> What are the chances? August 23 2011
Last week, Jeff took a day off work so we could drive around Middle Tennessee and do some work on some of our hives.
It was a long, hot day, which finally ended on Sneed Road, where we have two hives in separate locations.
After the last one, we went through a gate on a horse paddock, collapsed in the car, drank our last drops of water and got a mile down the road when I saw it.
It was climbing up the side of Jeff's driver's seat, slowly making its way to the top, near his head. I stared for a second or two, wondering (hoping) I was wrong. But I wasn't.
"Um, Jeff, there's a queen bee crawling up your seat."
I don't know if he thought I was kidding or mistaken, but he didn't believe me. I scooped it onto a white coffee filter (doesn't everyone have those lying around their pick-up trucks?) and showed him. She was a beautiful, almost all-yellow Italian queen bee.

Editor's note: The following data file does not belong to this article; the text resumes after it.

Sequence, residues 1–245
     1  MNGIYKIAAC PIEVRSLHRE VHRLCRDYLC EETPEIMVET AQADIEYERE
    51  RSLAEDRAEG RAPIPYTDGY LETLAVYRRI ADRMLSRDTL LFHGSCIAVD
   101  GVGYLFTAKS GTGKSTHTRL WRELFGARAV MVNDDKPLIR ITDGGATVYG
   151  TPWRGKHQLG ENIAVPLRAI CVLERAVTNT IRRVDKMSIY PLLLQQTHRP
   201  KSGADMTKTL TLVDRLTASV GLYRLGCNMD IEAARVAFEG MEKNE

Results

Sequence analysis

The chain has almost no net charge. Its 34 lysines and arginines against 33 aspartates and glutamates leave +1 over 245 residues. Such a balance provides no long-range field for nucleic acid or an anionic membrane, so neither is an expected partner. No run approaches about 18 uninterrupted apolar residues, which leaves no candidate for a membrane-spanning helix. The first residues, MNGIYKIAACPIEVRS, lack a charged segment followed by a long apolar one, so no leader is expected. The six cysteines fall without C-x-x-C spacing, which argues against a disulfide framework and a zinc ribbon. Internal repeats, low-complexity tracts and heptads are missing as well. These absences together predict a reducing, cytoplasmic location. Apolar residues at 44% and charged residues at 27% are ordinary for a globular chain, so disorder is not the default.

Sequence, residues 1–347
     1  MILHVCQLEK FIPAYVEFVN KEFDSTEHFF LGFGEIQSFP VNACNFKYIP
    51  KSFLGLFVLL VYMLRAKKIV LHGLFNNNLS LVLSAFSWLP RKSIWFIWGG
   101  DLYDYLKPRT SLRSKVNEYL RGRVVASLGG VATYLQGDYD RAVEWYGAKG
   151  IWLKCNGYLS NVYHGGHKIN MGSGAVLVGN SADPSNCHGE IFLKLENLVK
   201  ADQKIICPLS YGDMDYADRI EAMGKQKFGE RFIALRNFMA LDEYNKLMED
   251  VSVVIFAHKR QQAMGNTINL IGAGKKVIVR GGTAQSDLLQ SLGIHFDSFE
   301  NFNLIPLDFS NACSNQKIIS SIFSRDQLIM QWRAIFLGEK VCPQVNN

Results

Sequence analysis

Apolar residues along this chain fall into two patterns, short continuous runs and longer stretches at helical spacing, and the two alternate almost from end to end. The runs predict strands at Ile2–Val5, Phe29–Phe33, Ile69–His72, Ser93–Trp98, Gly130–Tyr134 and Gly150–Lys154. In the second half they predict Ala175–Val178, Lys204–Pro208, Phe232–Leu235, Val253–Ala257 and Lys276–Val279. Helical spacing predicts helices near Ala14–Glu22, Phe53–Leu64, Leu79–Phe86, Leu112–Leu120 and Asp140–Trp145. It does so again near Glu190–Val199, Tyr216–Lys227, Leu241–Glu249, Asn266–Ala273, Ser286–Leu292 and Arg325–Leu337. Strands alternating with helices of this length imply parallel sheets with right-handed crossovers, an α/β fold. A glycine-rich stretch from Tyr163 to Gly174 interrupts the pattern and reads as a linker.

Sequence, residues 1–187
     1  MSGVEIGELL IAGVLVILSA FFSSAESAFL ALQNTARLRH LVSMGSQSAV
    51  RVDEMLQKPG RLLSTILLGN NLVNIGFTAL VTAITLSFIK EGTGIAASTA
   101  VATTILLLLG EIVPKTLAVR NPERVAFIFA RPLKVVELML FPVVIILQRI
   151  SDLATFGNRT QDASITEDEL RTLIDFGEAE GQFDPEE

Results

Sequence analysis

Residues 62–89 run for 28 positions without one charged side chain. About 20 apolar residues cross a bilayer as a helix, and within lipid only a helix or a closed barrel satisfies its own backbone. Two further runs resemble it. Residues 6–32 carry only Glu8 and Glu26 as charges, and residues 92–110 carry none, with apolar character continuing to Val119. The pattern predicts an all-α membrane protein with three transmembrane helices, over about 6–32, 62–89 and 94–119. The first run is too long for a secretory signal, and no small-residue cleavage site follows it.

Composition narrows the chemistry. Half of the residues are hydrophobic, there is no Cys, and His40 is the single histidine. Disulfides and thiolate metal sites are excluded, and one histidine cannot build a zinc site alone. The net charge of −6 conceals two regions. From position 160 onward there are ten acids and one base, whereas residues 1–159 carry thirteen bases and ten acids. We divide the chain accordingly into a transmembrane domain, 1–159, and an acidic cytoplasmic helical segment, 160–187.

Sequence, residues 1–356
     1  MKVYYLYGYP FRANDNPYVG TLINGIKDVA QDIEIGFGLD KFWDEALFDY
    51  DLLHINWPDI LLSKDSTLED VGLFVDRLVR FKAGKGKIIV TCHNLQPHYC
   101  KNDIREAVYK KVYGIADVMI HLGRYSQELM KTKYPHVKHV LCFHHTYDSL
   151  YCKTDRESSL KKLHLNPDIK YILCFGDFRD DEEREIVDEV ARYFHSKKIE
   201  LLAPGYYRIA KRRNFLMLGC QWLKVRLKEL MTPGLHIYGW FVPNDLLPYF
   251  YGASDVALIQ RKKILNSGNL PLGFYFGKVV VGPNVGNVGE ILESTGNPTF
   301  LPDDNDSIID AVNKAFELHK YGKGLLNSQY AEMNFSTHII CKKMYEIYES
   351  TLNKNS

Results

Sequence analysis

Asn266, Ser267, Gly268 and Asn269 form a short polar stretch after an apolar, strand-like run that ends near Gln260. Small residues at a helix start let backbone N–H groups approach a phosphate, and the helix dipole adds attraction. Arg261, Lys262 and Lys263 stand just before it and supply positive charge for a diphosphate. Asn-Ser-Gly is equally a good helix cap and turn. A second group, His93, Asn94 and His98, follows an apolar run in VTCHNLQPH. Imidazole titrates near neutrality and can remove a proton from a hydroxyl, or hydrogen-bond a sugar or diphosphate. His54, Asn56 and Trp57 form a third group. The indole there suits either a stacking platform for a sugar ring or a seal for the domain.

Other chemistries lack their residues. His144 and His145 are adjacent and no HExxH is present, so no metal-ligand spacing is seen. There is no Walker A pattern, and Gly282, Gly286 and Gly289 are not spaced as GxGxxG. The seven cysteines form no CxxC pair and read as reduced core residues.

So, now the question: Which hive did it come from?
We pulled over and retraced our steps. Sometimes we wear protective suits and sometimes we don't — depending on the hive. Jeff had gotten in the truck once with his suit on, just to move it a little ways, so we figured the bee had gotten in then.
So, we took a guess, and hoped it was right. Back through the gates, into the paddock, with a queen bee wrapped in a coffee filter. I gently lifted the lid, too tired to bother with protective clothing, and dropped her on a top frame. She disappeared inside the darkness of the hive, and I quietly hoped I was putting her back in the right kingdom. If this was the wrong hive, she would be killed by the existing queen, and another of our hives would be queenless.
We've laughed about this a good bit. I mean, what are the chances of that? We struggle sometimes to even find the queen bee, and then for her to wind up crawling around in our truck seemed impossible.
A week later, I checked on all the same hives, and was pleased to find healthy, mature queen bees in all the hives. So, we put her back in the right place. It was really a lucky guess, a stab in the dark motivated by tiredness and the proximity of the last hive we visited.
Still, it was a fascinating look into the odds of something happening, the enigma of chance. There are about 50,000 honeybees in a single, healthy colony in the middle of summer. And the mother of all of them — the one bee needed to lay eggs and lead the hive — ended up in our pick-up truck.
Instead of beekeeping last week, maybe we should have played the lottery.